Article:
Mainstream to margins

I recently attended the funeral of Tina. I knew her through a MIND group I was involved with, and she also came to some of the Quiet Garden mornings I lead at Runcton Manor.

As so often with funerals, I came to understand her much more fully than I had previously. Jon, a friend of hers from childhood days, gave an insightful and moving eulogy. As he spoke, I realised how Tina had had many of the attributes of those in the limelight or centre – but who through choice and circumstances had moved to the margins.

Jon described her as a ‘prototype it girl,’ with film star looks, a smile ‘to light up the greyest of grey Glasgow days’ and a quick-witted brain. Through her father, a high level journalist, she had access to the best tickets for the Bay City Rollers and Live Aid. She was stylish, spiritual, natural, arty and intellectual.

She never flaunted her attributes. She was completely down to earth. While others might play mainstream games and mainstream toys, Tina had none of it. ‘Mainstream was not Tina’, said Jon.

What was it that led her out of the mainstream? She was not materialistic and had no interest in money. She was more at home in the wild open spaces and skies of the Highlands than in suburbia.

She was a non-conformist with a rare individuality and an independent mind. She would not join in for the sake of it or to please people. At four, she was offered a chance at modelling but, even at that age, would not be persuaded to do it. When she didn’t like the secondary school she refused to go – and then thrived at her new school. Later, she chose to drop out of University – and once again thrived when studying a different subject at a different University.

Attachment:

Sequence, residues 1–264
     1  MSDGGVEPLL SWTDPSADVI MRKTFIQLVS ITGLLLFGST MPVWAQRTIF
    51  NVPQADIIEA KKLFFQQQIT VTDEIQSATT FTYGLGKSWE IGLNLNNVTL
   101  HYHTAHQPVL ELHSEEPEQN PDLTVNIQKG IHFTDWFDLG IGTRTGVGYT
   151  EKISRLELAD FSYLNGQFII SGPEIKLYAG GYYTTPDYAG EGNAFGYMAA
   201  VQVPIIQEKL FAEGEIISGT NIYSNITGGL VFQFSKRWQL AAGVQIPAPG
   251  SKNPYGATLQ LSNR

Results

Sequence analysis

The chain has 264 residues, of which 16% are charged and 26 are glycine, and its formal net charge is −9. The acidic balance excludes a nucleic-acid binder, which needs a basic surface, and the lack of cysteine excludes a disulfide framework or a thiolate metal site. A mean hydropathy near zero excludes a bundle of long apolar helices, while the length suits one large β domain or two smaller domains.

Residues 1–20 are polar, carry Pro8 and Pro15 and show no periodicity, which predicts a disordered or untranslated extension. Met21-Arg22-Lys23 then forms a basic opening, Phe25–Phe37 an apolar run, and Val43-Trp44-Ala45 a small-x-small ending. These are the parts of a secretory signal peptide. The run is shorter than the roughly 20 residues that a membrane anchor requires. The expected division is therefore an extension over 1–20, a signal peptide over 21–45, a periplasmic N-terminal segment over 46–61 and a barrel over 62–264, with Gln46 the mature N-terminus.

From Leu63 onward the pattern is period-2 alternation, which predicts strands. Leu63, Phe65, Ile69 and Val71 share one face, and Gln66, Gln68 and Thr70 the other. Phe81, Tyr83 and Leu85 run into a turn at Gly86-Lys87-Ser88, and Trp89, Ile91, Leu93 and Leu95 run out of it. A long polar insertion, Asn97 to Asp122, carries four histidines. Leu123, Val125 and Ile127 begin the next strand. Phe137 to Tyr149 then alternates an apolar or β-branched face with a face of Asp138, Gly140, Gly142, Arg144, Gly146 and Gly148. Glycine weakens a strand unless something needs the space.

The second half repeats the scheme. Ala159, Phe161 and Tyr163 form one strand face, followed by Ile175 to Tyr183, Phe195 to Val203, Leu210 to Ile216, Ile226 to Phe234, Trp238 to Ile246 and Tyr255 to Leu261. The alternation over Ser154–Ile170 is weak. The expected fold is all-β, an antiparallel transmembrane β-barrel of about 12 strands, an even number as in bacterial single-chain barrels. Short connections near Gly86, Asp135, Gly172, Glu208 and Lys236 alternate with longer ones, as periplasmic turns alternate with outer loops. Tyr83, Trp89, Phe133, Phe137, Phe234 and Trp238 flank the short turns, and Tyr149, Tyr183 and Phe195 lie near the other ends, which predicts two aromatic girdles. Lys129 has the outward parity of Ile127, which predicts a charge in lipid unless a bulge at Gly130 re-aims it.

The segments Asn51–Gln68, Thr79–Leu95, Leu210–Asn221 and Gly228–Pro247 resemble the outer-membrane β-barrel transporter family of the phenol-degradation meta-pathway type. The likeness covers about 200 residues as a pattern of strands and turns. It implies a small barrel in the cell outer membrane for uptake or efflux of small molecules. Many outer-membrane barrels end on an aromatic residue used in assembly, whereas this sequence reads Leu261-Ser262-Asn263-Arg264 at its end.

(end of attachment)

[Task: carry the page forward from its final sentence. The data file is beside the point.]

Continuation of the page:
Perhaps, also, she was shy. When offered the possibility, with her sister, of a backstage meeting with the Bay City Rollers, she refused to go – much to the disbelief of her sister.

Maybe also, she had a heightened sense of anxiety. One time she was on a walk with four others when they came to a dodgy wooden bridge that only one person could cross at a time. It was scary but everyone made it, except Tina. Despite serious encouragement from everyone else she absolutely, resolutely, refused to cross that bridge. Nothing could have made her do it. So they all came back and went back home.

And yet at other times, she was remarkably fearless. Jon recounted a time when they had been talking on the phone and everything was fine. Minutes later she called back to tell him the ceiling had just come crashing down. While others would freak out, Tina just laughed.

She was a woman ahead of her time. A vegetarian before it was fashionable and a Green before it was mainstream. Being out of the mainstream helped make her empathetic to others. She always had time for people in difficulty and would dispense good advice and – often more importantly – good questions.

I treasure my time with Tina. Quiet, unassuming, loyal and full of compassion. She fully embodied these qualities of the margins in her being. It was what made her human.



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